But then came the first run through the Whaanga Coast test, and disaster for Loeb who ran wide on a fast right-hander, sliding off the road in thick gravel and charging through shrubbery before coming to rest against a small tree. He got going again but had lost 30 seconds and dropped from the lead to fourth place, 21.7 seconds behind leader Ogier.
“It was a bit more gravelled than what I expected and I lost control of the car,” Loeb said. “Then, the second pass through, I really tried again because we were not so far from the lead and finally I had another spin – maybe pushing a bit too hard.”
Both Latvala and Hirvonen had been in strong form in the day's opening tests, Hirvonen winning the first and finishing second in the other. Latvala, meanwhile, had been pouring the pressure on to Ogier and was now in second place. 5.6 seconds behind. Loeb won the morning's third test, the second run through Te Hutewai, with Ogier second and edging the gap over Latvala to 6.2 seconds. The rally would be decided on the final stage, Whaanga Coast 2.
Ogier said second place was still a 'very good result' but conceded it was 'a bit frustrating'. “I did another spin and I lost 10 seconds. With that, I lost first place,” he added. “For sure it was big disappointment to lose my first victory like this but it doesn't really matter if I continue in this way I will have a victory soon, so it's a good result.”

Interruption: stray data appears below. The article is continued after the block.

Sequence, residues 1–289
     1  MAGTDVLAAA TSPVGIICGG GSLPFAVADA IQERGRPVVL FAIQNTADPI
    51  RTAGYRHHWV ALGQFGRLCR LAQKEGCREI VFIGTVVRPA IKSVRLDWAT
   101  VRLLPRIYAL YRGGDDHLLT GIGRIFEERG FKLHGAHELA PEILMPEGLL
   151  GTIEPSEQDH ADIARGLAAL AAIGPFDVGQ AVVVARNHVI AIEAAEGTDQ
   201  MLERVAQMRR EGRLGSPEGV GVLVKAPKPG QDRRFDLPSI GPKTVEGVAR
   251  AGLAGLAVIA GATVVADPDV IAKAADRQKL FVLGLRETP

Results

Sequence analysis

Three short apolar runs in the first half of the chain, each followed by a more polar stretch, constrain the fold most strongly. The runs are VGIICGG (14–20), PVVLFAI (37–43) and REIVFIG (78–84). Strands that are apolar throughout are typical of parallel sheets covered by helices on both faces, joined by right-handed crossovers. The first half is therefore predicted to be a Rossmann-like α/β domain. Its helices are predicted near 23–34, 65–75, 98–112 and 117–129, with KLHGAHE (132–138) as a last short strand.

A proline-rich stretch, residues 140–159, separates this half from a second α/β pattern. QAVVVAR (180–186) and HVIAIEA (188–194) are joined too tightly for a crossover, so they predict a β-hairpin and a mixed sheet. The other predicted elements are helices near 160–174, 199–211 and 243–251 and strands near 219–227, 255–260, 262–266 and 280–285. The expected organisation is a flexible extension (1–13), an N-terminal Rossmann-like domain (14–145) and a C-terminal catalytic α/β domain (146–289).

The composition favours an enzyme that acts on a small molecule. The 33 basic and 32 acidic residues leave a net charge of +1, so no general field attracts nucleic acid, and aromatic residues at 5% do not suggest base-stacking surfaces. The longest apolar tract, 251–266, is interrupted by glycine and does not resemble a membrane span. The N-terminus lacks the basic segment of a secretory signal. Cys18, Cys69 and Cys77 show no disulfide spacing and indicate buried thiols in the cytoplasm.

Fifth-placed Hirvonen said it had been a difficult weekend: “Really difficult. In the end we managed to get two positions today and we got good (manufacturers') points for the team,” he remarked.
After being day one's overnight leader, Petter Solberg was still in a strong position to push for his first win in his privately-entered Citroen as day three started. He won the first Whaanga stage in a time that was 23 seconds faster than Ogier's and went into Whaanga 2 in third place, just 16.8 seconds behind the Frenchman and 10.6 adrift of Latvala. Solberg was pushing hard when he slid off the road, hitting a power pole and bringing down a power line. His Citroen ended up in a ditch with its nose badly damaged and Solberg's rally was over.
In the Super 2000 World Rally Championship meanwhile Ford scored a clean sweep, with Jari Ketomaa finishing eighth overall, leading home the similar Fiesta S2000s of Xavier Pons and Martin Prokop.
With a big lead over Pons, Ketomaa said he had just driven to finish on today's four stages: “Trying to keep the rhythm and drive slowly, it's not easy to go like that. The first stage was a little bit bad from my side but after that I started to go very well.”
New Zealand rally champion Hayden Paddon won the Production World Rally Championship category in his Mitsubishi Lancer Evo IX finishing 14th overall. He also took the first New Zealander crown, claiming for the second time in succession the coveted Woolf-Whittaker Trophy. His main opposition, former PWRC world champion Toshi Arai and double New Zealand champion Richard Mason, both fell out of contention on day one. Paddon finished just over three minutes ahead of fellow Kiwis contesting the PWRC class Emma Gilmour and Kingsley Thompson.
Aside from worries about a faulty clutch during today's stages, Paddon had a trouble-free run. “It's been an absolute dream weekend and we got the result we wanted. What more could we ask for?”